Standardized Test Prep in Michigan
The Michigan standardized test program evaluates students in K-12 using a combination of summative assessments, benchmark assessments, merit examinations, and alternate assessments for students with special needs or those for whom English is a second language.
On this page you will learn more about Michigan standardized testing, including the types of tests required, testing dates, and the grade levels targeted. You’ll also learn how you can help your child prepare for standardized tests in Michigan.
What State Tests Are Available in Michigan?
The Michigan state test options have changed frequently over the past decade as the state has attempted to refine and improve the testing process for students and teachers. About 99% of the testing in Michigan is now done online.
Below are the primary tests your student will encounter within the public school system in Michigan:
- M-STEP Summative Tests – Each spring, students in grades 3-8 are measured on academic standards in English language arts (grades 3-7), mathematics (grades 3-7), science (grades 5 and 8), and social studies (grades 5 and 8). Students in grades K-8 and 11 can access sample M-STEP tests here.
- Michigan Merit Examination (MME) – All 11th graders in Michigan participate in an M-STEP science and social studies assessment. Michigan also requires all high school juniors to take the SAT with essay and the ACT WorkKeys. The state uses the data from these national tests to evaluate student progress in English and Math.
- PSAT – The Michigan Department of Education has chosen to administer the College Board’s PSAT 8/9 and PSAT 10 to students in grades 8, 9, and 10 to evaluate English language arts and math progress. However, the scores from these tests are not included in Michigan’s accountability system.
- MI-Access – Students with significant cognitive impairments, or whose IEP team have determined that general assessments (even with accommodations) are not appropriate, are eligible to take alternate assessments. MI-Access assesses English language arts and mathematics in grades 3 through 8, and 11. Science is assessed in grades 4, 7, and 11. Social studies is assessed in grades 5, 8, and 11.
- WIDA – Michigan’s federally required summative assessment for students identified as English Learners (ELs) is called the WIDA ACCESS for ELLs. The annual assessment is designed to monitor their development of Reading, Listening, Writing, and Speaking skills.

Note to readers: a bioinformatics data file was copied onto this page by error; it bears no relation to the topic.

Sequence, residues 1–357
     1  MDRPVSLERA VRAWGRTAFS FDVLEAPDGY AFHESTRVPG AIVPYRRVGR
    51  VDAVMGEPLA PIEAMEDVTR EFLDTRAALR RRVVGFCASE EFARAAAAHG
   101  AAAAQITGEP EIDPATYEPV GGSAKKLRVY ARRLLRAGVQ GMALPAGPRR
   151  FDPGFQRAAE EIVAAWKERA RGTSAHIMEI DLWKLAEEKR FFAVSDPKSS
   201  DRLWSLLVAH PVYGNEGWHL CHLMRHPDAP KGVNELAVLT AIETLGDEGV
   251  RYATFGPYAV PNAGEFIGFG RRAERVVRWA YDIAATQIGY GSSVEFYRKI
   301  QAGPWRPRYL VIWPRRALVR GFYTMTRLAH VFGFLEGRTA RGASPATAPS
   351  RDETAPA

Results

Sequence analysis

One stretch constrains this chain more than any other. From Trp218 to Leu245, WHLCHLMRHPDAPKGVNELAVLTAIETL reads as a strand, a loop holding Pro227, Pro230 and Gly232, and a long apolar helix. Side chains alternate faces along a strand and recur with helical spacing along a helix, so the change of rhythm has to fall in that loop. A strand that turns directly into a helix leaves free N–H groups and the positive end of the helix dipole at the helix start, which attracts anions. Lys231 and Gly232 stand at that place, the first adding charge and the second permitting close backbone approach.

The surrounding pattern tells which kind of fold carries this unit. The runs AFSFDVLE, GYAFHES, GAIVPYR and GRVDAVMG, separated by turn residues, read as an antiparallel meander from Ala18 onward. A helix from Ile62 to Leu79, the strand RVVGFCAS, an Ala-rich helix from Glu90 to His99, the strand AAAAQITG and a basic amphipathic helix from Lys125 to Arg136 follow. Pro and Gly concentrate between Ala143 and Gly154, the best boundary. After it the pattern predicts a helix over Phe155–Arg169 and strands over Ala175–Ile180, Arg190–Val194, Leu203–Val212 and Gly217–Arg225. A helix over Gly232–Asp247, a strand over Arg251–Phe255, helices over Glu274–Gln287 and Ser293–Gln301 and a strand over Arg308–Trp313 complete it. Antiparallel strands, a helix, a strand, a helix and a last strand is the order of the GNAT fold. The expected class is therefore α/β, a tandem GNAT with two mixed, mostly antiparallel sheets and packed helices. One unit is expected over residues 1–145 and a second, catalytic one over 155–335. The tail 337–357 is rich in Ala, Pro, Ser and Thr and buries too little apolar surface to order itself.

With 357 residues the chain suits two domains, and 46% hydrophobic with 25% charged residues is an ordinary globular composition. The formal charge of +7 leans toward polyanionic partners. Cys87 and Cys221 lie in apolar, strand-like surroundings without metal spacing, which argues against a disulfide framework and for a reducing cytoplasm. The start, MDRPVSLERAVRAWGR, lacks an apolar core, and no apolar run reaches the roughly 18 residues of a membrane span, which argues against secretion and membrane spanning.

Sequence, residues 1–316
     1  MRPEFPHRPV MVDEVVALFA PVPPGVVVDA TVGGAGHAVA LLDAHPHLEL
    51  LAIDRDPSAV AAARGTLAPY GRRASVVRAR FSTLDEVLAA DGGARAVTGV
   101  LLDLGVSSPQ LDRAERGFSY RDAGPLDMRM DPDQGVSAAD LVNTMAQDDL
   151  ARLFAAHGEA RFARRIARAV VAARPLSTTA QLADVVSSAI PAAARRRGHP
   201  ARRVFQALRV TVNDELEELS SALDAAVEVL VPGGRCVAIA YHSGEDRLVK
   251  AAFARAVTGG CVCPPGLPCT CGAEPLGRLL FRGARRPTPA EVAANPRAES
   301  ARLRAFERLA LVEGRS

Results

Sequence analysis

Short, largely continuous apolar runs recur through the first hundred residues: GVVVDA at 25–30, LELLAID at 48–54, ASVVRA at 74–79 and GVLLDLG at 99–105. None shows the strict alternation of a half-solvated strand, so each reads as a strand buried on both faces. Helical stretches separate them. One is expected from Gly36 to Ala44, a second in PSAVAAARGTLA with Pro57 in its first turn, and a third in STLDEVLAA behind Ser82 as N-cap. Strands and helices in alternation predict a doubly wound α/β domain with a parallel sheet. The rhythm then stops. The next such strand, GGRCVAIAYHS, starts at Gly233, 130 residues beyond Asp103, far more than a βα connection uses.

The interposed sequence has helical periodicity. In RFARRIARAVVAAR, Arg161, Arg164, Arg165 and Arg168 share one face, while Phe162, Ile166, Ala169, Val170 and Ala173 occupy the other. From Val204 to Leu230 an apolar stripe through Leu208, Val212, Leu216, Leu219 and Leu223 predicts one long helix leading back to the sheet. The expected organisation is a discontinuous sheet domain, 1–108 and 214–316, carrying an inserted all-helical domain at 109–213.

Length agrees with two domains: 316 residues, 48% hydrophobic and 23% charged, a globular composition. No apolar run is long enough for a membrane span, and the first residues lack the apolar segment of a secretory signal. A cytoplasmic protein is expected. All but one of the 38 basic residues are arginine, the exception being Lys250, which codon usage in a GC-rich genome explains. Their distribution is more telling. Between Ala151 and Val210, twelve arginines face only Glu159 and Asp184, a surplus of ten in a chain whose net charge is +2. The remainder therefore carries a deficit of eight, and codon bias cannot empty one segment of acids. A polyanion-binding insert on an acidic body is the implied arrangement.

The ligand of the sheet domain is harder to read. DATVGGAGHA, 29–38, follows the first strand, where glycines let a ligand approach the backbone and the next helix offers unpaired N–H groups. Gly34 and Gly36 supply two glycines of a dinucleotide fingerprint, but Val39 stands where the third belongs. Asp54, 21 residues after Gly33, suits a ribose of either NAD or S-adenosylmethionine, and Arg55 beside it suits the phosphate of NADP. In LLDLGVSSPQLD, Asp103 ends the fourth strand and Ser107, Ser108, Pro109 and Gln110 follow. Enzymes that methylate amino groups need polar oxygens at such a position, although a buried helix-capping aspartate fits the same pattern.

- Early Literacy and Mathematics Benchmark Assessments – Michigan students in Kindergarten, first grade, and second grade are assessed annually in English language arts and mathematics.
In Michigan, testing is mandatory for all children attending a publicly supported school. There are no legal options for opting out of standardized testing.
When is Standardized Testing in Michigan?
Except for the Benchmark Assessments, which can be given any time of year, all Michigan standardized tests are administered in the Spring. Schools receive preliminary reports of results within just a few days of testing, but parents usually do not receive a report until the beginning of the following school year.
Do Homeschoolers Have To Take Standardized Tests in Michigan?
Although Michigan does not require home educators to maintain any specific records by law, they are welcome to participate in yearly state testing at their local school for no cost. To take advantage of this option, families will need to contact their local school district to make arrangements for testing. Individual student scores are available to parents, but are not included in the overall district’s results.
How Time4Learning Can Help With Michigan Test Prep
Time4Learning can be an effective partner with parents and students in preparing for the M-STEP and other state assessments. The real preparation for all standardized tests that assess a wide range of fundamental skills is to steadily build aptitude in math, reading and writing fundamentals.
Time4Learning’s monthly subscription includes structured lessons and activities that correlate to the educational standards that standardized tests are built around.
Some of the ways that you can use the curriculum for Michigan test prep include:
- Our online curriculum includes state assessment simulations in grades 3-8 which gives students actual practice in what it’s like to take a normed test.
- By combining learning with fun, educational learning games, students in K-2 are motivated to practice the core skills they’ll be tested on in their benchmark assessments.
- Elementary students can log into the program in the evenings or on weekends to bolster specific concepts they’ve not fully grasped during the school week.
- Time4MathFacts, which is included in each Time4Learning subscription, is a game-based learning system that helps early and upper elementary students master the math facts that feature heavily in normed tests such as the M-STEP.
- Our solid math curriculum helps students gain a thorough understanding of math concepts, from foundational skills to more complex topics which boosts confidence and reduces test taking anxiety.
- High schoolers preparing for the MME can use Time4Learning to get multimedia tutorials in everything from Chemistry to World History.
- When receiving the M-STEP report from the previous year, parents can use the results to pick and choose the Time4Learning lesson plans that align with areas where their student struggled.
- Take advantage of all the free unit studies and use our social studies curriculum to supplement your child’s education to help them prepare for the social studies tests in grades 5 and 8.
The software is a game changer!
“…she leaped ahead of her peers on her state test when returned to public school, we used it during homebound when there was a mismedication, and use it now as a supplement for a teacher that refuses to teach.”